You could call it good here for the skin if you wanted to, as everything after this is just refining it a bit more. I went back in with Ionrach Skin and smoothed out some of the chalkier looking areas, mostly on the nose. I also used this opportunity to add a bit of line highlighting to tighten up the drybrushing. I mostly focused on the face, hands, chest, and a bit on the arms.

Step 7.

Lastly I used Deepkin Flesh to add a few more highlights, but was really restrained with it. Mostly just on the face. The overall amount of edge highlighting I did on this model was really small. Areas like the scales and legs didn't even get touched.

Step 8.

I then painted the inside of the mouth with a 50/50 mix of Sigvald Burgundy and Contrast Medium. I also used a slightly thinner mix of this to glaze on some color on his eyelids, lip, scar, inside of the ears, and knees. You want to be really light with this. Redefine any highlights needed with Ionrach Skin and Deepkin Flesh. I tidied up all of the other areas with Grey Seer before taking this picture as well to get them ready for their own colors.

The Rock

Step 1.

Give all of the rocks a solid coat of Basilicanum Grey.

Step 2.

Next, give it a really good drybrush of Administratum Grey.

Step 3.

Finish it off with a lighter drybrush of Grey Seer.

The Loincloth

Step 1.

You can really use whatever colors you want here, as Troggoths just use random bits of cloth and leather. For mine I did a 50/50 mix of Gore-Grunta Fur and Blood Angels Red for a really nice brownish red.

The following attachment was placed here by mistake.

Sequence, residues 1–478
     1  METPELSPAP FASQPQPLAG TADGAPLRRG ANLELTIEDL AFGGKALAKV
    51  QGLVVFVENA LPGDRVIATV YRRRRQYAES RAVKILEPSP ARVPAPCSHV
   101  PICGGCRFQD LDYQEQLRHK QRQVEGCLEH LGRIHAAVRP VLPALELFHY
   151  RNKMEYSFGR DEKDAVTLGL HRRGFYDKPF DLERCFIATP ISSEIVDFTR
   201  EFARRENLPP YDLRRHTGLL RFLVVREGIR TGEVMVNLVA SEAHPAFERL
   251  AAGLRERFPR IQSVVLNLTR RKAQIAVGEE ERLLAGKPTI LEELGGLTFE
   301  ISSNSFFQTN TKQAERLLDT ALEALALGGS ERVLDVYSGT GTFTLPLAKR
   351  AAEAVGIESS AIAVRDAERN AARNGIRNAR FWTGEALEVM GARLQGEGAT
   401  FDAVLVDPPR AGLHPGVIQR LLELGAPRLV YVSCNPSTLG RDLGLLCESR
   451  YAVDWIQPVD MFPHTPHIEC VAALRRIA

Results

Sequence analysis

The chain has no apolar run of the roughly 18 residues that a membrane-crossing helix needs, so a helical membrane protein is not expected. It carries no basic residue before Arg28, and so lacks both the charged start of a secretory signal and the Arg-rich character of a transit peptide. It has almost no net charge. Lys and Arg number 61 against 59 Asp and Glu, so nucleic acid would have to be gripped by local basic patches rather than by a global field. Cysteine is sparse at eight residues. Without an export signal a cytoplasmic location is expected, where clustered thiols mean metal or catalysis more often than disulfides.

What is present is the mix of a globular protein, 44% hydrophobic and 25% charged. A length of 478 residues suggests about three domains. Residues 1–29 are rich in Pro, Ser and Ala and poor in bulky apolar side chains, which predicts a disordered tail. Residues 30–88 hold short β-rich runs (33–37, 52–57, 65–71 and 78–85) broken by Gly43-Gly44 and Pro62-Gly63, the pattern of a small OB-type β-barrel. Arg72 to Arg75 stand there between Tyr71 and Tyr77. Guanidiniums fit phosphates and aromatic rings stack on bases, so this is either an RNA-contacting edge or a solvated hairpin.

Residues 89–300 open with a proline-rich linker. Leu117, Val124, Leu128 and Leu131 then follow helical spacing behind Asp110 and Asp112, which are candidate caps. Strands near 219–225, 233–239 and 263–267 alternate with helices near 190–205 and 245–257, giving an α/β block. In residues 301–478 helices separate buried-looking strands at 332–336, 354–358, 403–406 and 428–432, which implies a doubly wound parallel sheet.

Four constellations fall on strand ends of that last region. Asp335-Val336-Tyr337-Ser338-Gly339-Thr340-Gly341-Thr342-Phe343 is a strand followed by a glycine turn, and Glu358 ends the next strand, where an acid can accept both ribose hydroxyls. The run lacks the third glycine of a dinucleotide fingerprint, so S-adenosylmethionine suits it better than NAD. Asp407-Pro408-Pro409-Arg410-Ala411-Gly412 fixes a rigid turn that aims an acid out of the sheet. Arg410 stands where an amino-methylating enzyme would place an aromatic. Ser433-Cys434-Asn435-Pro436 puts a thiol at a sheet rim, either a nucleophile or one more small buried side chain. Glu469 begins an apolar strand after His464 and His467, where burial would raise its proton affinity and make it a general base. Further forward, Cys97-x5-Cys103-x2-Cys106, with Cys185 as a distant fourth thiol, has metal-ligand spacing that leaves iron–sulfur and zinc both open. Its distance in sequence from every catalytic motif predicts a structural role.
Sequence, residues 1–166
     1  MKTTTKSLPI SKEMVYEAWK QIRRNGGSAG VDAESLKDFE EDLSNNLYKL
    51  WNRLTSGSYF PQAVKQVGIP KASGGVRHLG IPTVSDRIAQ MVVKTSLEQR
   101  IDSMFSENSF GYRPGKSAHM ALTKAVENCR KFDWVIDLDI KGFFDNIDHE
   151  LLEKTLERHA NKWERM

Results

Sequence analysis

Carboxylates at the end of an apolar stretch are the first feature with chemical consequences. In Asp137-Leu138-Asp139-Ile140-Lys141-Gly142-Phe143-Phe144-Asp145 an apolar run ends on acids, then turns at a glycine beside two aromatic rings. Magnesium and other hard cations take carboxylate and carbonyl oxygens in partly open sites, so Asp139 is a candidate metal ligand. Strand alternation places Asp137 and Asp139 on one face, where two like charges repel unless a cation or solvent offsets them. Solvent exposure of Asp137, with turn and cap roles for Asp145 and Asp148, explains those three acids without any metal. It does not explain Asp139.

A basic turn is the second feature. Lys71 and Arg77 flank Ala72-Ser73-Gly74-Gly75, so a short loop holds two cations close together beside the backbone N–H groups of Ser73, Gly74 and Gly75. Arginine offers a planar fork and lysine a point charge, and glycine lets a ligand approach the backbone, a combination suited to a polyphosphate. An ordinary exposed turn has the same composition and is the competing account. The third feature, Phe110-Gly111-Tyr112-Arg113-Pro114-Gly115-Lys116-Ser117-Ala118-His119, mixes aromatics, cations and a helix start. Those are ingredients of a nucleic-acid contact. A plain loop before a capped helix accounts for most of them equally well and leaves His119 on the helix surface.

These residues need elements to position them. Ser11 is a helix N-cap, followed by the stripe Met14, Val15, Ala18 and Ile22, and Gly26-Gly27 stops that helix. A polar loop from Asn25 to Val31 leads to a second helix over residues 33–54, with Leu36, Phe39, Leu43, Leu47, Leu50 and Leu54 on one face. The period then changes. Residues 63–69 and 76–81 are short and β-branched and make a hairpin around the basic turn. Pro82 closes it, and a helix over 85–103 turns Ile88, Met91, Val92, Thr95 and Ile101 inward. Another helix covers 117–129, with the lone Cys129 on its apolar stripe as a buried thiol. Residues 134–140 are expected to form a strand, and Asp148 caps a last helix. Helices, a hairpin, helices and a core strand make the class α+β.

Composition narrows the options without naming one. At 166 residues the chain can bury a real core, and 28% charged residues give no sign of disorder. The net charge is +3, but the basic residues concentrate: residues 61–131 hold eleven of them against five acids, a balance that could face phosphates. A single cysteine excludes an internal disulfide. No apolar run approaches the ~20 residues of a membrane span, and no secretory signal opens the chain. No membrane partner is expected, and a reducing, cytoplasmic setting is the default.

Step 2.

This was then edge highlighted with Tuskgor Fur.

Step 3.

I finished this off with a bit of Cadian Fleshtone on the most prominent areas.

The Bone

Step 1.

All of the bone areas, including the teeth and nails, were given a solid coat of Skeleton Horde.

Step 2.

These were then highlighted with Pallid Wych Flesh.

Other Leather Bits

Step 1.

I wanted the straps on his arms and the bits holding the bones on to be a different color, so they got a solid coat of Snakebite Leather.

Step 2.

This was then highlighted with Zamesi Desert

Final Details

Step 1.

To finish off the model I painted the eyes with Tau Sept Ochre, then Yriel Yellow, before dotting them with Abaddon Black. The mushroom's stalk was painted with Skeleton Horde, and the top with Blood Angels Red. I then highlighted the red with Wild Rider Red and added the dots with Pallid Wych Flesh.

That's it, the model is done! To base mine I glued sand on, then once dry I painted it with Dryad Bark and drybrushed it with Steel Legion Drab. The rocks were painted with Dawnstone and then drybrushed with Grey Seer.

For the grass I used Gamer Grass as they have a great selection. I used about 4 different types of clumps to make it look more varied and natural.

I think this is going to be my Destruction basing scheme so everything ties together. By being a little careful with placement, and using pure Contrast Medium to thin and blend a tiny bit, you can get a lot of mileage out of it, especially with organic models like this, as it will be rather forgiving with blotchiness or other mistakes. I painted this guy in about 4 hours I think, including stopping to take pictures, so without that it would have gone even faster.

Until next time,

Tyler M.

No comments:

Post a Comment